NASA’s Cislunar Autonomous Positioning System Technology Operations and Navigation Experiment (CAPSTONE) will be launched by Rocket Lab’s Electron launch vehicle and Photon in Q2 2021.
The CAPSTONE satellite will act as a pathfinding precursor for lunar missions, including Gateway, a moon-orbiting outpost that will provide vital support for a sustainable, long-term human return to the lunar surface under NASA’s Artemis program.
Rocket Lab’s Photon spacecraft, which will act as a trans-lunar injection stage for this mission, has now entered a rigorous qualification test campaign at Rocket Lab’s Production Complex, one of the final development milestones before lift-0ff in the new year.
To travel more than 380,000 kilometres to the moon, CAPSTONE will lift-off on an Electron launch vehicle to an initial low-Earth orbit.
From there, Rocket Lab’s in-house designed and built Photon spacecraft, will take the reins to provide in-space transportation, power, and communications for NASA’s satellite until separation, when CAPSTONE will continue on its own trajectory to lunar orbit.
Peter Beck, Rocket Lab founder and CEO, said, “The idea of a dedicated small satellite launch to the Moon was fantasy until Electron and Photon. With CAPSTONE we’re demonstrating that lunar and interplanetary missions can be fast, cost-effective, and highly tailored.”
Photon will also continue to the moon to conduct a lunar fly-by as a secondary mission.
In preparation for the mission, Photon has entered a rigorous test and qualification campaign to subject the spacecraft to conditions similar to those it will experience during launch and in space.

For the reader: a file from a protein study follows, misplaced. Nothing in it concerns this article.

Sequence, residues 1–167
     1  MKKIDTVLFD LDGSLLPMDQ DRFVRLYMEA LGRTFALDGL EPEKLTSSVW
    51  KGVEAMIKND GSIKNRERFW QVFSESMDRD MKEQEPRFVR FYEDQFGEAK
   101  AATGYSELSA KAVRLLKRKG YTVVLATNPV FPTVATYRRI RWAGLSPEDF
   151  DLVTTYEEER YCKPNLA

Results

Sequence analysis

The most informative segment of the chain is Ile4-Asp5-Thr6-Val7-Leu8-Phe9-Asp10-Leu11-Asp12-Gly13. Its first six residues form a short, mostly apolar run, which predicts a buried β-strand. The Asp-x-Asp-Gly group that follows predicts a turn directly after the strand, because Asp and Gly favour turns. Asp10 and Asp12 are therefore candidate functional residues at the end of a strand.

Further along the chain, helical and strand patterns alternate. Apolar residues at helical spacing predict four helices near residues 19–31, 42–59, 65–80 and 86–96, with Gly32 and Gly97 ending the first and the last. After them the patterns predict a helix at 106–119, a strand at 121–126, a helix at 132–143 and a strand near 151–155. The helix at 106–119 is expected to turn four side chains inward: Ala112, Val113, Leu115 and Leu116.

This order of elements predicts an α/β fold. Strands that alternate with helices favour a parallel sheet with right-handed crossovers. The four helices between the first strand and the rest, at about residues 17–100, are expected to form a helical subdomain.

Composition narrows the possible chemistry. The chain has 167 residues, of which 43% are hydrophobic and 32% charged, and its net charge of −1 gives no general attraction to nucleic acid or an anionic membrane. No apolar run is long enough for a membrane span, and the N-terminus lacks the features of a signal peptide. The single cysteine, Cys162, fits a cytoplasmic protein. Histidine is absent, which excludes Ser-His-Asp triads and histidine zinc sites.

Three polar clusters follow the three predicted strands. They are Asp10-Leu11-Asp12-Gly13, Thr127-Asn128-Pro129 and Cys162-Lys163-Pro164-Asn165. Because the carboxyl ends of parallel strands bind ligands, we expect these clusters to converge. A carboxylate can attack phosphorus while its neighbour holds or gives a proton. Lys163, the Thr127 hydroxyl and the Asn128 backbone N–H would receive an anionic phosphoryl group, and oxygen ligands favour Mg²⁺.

This qualification process will see Photon undergo thermal vacuum tests to recreate the extreme variations in temperature experienced in space, as well as vibration tests and acoustic tests to replicate the conditions during launch.
Development and testing of the CAPSTONE satellite platform and propulsion system is being undertaken simultaneously by Advanced Space in Boulder, Colorado; Tyvak Nano-Satellite Systems in Irvine, California; and Stellar Exploration in San Luis Obispo, California.
“Providing launch, in-space transportation, and satellite buses as a single, integrated mission solution was an ambitious program, but one we’re proud to have brought to market. Electron and Photon have unlocked the door for small satellite missions beyond low-Earth orbit, enabling an exciting future for easier and cheaper scientific research missions to other planets, asteroids, moons, and more,” Beck added.
The satellite is scheduled for integration with the Photon spacecraft in the new year.
Though modelers on the ground have studied the unique near-rectilinear halo orbit (NRHO) that CAPSTONE is destined for, no spacecraft has actually manoeuvred into it to date.
By testing out this halo-shaped orbit, CAPSTONE will help reduce risk for future spacecraft by verifying the orbit’s dynamics, while also validating innovative navigation technologies.
The NRHO is a gravitationally balanced orbit between the Earth and the moon, offering stability for long-term missions like Gateway and requiring minimal energy to maintain, making it a perfect staging point for lunar and deeper space missions.
Lunar missions have historically required decades of planning, hundreds of millions of dollars in funding, and have been carried out by large spacecraft that require launch on huge rockets. By contrast, the CAPSTONE mission will lift-off less than two years since the project’s inception, and at a launch cost of less than US$10 million.
The launch is supported by the Launch Services Program at NASA’s Kennedy Space Centre in Florida.
The mission development is funded by the agency’s Space Technology Mission Directorate and managed by the Small Spacecraft Technology Program at NASA’s Ames Research Center in California’s Silicon Valley.
Receive the latest developments and updates on Australia’s space industry direct to your inbox. Subscribe today to Space Connect here.